Route overview for Weskustoer 2018 Stage 3, on Friday 25 May 2018
Parternoster to Kraalbaai
West Coast National Park
This is the shortest day on tour, but with good reason – we want to arrive early to enjoy everything this area has to offer. We leave Paternoster and trace back the route to Vredenburg, reaching our highest point for the day in Vredenburg, after just 15kms. From here on you are in for a treat. We turn right on the R399 and fly down to Saldanha for the next 10kms. Turn left from the R399 into Camp Street (at 27kms, after the Total garage) and head to Langebaan, turning right at Laguna Mall (at 42kms) and passing Mykonos. The bit through Langebaan will be a relaxed ride through town all the way to the gate of the West Coast National Park (at 55kms, just after Shark Bay). We then circle the lagoon. There is only one turn inside the park, at 67kms where we turn right to Kraalbaai and reach the finish line (after a few rolling hills) at 81kms.
Forgot about the big five, see if you can spot the small five – tortoise, sand shark, whale, porcupine and dune moles. Read more on travelground. Also be on the lookout for cheeky ostriches and lazy eland as you ride inside the park. And keep an eye open for snakes.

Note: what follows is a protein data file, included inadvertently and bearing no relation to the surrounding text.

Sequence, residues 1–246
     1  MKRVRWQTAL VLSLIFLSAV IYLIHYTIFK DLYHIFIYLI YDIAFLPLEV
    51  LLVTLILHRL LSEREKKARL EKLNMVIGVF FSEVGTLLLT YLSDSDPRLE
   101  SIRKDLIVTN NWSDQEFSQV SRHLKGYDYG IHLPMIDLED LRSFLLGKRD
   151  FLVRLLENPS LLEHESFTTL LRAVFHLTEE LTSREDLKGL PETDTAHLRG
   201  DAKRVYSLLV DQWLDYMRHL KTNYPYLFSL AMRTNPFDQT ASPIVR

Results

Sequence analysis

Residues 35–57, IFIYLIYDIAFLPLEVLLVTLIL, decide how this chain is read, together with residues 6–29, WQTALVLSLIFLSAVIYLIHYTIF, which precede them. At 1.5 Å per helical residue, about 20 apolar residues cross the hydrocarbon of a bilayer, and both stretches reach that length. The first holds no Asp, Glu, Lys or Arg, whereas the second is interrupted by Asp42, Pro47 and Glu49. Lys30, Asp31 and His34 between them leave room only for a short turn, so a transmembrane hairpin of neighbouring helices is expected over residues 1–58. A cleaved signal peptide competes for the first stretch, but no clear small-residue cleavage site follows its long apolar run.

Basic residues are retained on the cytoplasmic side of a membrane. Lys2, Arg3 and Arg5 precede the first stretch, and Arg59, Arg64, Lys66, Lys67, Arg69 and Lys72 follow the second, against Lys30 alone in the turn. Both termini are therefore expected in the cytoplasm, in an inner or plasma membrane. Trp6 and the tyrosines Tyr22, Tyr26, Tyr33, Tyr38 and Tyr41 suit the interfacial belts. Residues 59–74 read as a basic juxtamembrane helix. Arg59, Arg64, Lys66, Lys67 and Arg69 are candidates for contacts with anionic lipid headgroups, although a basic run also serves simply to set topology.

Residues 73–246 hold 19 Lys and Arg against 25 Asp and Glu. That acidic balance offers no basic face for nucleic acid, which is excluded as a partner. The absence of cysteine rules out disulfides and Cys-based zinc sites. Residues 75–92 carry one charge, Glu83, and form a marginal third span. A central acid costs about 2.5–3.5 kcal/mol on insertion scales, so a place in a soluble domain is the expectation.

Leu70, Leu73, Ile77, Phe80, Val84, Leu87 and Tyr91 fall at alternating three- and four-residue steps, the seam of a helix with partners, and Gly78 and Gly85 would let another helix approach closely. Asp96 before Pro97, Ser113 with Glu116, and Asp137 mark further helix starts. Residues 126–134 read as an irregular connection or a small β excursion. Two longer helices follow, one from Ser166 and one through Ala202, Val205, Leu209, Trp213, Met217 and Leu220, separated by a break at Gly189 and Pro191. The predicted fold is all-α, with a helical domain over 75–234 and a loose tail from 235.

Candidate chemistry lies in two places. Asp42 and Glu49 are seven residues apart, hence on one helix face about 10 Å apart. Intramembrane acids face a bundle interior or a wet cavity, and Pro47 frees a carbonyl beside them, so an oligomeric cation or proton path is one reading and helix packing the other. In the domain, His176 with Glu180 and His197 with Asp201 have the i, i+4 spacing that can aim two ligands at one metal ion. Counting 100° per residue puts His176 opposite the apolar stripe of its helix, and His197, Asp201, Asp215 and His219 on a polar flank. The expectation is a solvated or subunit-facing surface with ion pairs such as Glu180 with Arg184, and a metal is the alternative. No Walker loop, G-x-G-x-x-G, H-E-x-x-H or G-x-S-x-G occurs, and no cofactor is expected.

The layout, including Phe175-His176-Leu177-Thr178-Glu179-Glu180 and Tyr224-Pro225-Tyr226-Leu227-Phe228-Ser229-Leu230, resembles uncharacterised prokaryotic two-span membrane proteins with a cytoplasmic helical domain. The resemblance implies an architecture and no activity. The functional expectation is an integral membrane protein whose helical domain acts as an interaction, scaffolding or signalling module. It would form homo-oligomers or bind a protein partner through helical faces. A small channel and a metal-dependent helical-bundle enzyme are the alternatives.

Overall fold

There are no mountain passes on the Stage, but expect some rollers between Paternoster and Vredenburg, and again inside the West Coast Park (which also has a little bump leading to the gate in order to gain access to the park).
Kraalbaai is located on the Lagoon in the small West Coast town of Langebaan. It is often frequented by exclusive houseboats and is sometimes incorrectly called Churchhaven, which is nearby but not the same. It is easily accessible and will take you about 30 mins to drive from the Langebaan gate of the West Coast National Park – but it is much more enjoyable to boat, sail, or canoe across the lagoon.
There are two well-known landmarks that make Kraalbaai so recognisable. One is the wooden jetty that seems to jut out of the centre of the white, sandy beach towards the boats moored offshore. The other is the Preekstoel or preacher’s pulpit, which looks more like a modern day cycling helmet to be honest, but nonetheless provides shelter from the south-easterlies that can sweep through here.